US President Donald Trump sparked controversy on Friday, calling it a “great day” for George Floyd, the man whose death in custody on May 25 unleashed nationwide protests over police brutality against African Americans.
In a televised address, Trump said, “We all saw what happened last week. We can’t let that happen”.
“Hopefully, George is looking down right now and saying, ‘This is a great thing that’s happening for our country”, the President added.
The remarks came eleven days after Floyd’s death and sparked confusion as to why Trump thought it was a great day for Floyd.
Death of 46-year-old African-American man George Floyd who was arrested on suspicion of using a counterfeit banknote on May 25 has sparked protests across major cities in the US.
A Minneapolis policeman accused of killing unarmed Floyd by kneeling on his neck was taken into custody on Friday and charged with third-degree murder. Three other officers with him have been fired but for now face no charges.
“This is a great, great day in terms of equality,” Trump said.
The US leader’s “great day” comments were seen by many as too closely conflating Floyd’s death and the day’s good economic news, and as speaking on behalf of Floyd on the economy.
Trump on Monday deployed thousands of “heavily armed” soldiers and police to prevent further protests in Washington, where buildings and monuments have been vandalized near the White House.
The protests turned violent across the US that left at least five people dead and over 4,000 people arrested earlier this week.
A video taken by a bystander shows officer officer Derek Chauvin kneeling on his neck as he is pinned to the ground. Floyd who was unarmed and handcuffed, pleaded that he could not breathe. He was soon after declared dead at a nearby hospital.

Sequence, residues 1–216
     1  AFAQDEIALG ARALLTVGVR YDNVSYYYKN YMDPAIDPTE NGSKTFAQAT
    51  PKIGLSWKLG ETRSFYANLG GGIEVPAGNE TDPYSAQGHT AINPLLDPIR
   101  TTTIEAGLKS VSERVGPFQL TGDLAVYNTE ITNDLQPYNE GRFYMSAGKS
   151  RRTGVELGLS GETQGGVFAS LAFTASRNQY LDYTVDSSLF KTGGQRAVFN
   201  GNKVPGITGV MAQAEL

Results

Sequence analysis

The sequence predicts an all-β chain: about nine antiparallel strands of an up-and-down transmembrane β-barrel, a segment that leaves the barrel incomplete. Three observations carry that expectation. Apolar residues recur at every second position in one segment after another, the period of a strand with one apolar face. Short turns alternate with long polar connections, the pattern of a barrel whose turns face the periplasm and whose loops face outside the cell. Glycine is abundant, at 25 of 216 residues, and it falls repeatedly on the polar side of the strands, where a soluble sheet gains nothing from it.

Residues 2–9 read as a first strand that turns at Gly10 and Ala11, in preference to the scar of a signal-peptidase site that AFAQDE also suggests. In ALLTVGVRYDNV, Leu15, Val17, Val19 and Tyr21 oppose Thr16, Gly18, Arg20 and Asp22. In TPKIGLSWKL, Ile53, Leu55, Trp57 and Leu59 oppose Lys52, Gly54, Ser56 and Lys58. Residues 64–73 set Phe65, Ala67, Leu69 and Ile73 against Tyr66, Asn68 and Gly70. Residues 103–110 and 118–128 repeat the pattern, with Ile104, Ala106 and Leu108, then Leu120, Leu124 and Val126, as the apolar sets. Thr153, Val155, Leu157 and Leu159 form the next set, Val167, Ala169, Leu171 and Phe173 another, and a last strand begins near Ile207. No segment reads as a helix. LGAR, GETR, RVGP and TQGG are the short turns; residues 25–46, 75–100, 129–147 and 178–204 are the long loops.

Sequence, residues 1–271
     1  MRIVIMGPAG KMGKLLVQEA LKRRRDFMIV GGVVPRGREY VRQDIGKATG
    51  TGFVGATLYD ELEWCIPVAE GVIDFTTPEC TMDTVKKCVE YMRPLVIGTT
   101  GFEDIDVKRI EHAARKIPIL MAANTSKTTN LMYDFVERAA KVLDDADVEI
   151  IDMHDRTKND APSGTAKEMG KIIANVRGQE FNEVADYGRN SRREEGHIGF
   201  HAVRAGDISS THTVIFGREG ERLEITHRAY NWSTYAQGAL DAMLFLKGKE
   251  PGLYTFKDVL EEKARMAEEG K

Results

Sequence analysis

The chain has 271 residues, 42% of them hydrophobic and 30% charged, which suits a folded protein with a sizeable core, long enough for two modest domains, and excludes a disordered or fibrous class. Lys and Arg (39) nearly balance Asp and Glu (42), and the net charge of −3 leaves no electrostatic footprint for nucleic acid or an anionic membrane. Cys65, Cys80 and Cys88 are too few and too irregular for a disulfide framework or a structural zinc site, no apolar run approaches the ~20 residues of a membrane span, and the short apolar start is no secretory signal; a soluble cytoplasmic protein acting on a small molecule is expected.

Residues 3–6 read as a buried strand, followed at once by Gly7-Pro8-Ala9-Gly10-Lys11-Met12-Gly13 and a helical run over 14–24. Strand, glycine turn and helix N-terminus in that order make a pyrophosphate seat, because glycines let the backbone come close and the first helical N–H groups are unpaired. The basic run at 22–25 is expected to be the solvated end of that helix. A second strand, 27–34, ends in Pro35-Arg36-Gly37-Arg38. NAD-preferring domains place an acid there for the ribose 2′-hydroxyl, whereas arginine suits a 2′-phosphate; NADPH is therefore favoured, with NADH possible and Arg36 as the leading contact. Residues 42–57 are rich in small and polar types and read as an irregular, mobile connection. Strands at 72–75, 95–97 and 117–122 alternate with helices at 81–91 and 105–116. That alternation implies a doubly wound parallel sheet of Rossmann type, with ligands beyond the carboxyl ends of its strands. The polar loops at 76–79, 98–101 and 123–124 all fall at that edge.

Earlier, Trump blamed the extreme left for the violence and said that rioters were dishonoring the memory of Floyd.
Trump reiterated on Friday that authorities need to “dominate the streets,” and criticized governors in states that had rejected sending in the National Guard during protests and rioting.
On Wednesday, former Pentagon chief James Mattis issued a stinging rebuke of his previous boss Trump and accused him of trying to “divide” America and failing to provide “mature leadership” as the country reels from days of protests.
Mattis wrote that the protesters’ call for equal justice was a “wholesome and unifying demand — one that all of us should be able to get behind.”
Police and protesters clashed in numerous cities including Chicago and New York, with officers responding to projectiles with pepper spray while shop windows were smashed in Philadelphia.
The United States also faced unusual, if polite, criticism from some international allies including Germany, Britain and Australia.
German Foreign Minister Heiko Maas called the anti-racism protests “understandable and more than legitimate.”
Trump has repeatedly claimed that he has “done more for the black community than any President since Abraham Lincoln,” who abolished slavery in the 1860s.
Floyd’s killing was seen as the latest example of police brutality against African Americans, which gave rise six years ago to the Black Lives Matter movement.